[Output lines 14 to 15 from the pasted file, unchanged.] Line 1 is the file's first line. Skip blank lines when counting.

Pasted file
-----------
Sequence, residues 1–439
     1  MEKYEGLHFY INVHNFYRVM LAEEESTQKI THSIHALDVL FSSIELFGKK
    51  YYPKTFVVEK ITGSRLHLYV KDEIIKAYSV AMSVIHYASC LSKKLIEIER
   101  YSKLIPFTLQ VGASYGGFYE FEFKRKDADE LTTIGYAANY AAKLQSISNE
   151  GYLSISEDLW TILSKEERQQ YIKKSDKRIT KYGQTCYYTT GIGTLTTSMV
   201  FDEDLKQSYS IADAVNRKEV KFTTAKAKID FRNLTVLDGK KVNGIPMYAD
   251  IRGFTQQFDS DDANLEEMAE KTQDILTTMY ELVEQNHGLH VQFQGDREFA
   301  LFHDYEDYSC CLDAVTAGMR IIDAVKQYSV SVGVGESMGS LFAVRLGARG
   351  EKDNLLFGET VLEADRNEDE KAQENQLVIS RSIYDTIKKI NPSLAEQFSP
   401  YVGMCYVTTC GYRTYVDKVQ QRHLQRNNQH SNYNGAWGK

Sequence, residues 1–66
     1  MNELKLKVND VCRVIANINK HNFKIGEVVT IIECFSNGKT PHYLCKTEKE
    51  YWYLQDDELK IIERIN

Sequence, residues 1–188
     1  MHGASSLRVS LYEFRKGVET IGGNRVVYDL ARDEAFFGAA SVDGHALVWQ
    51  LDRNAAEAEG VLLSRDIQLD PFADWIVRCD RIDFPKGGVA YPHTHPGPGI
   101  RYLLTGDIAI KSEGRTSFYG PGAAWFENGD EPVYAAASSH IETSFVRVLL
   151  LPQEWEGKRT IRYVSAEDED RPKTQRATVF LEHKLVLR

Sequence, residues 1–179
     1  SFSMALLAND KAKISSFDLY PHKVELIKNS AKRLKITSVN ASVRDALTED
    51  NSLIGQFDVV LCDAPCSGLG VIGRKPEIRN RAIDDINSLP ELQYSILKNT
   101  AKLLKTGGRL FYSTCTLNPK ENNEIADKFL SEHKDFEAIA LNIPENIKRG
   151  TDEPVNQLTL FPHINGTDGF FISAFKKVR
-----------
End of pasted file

Sequence, residues 1–188
     1  MHGASSLRVS LYEFRKGVET IGGNRVVYDL ARDEAFFGAA SVDGHALVWQ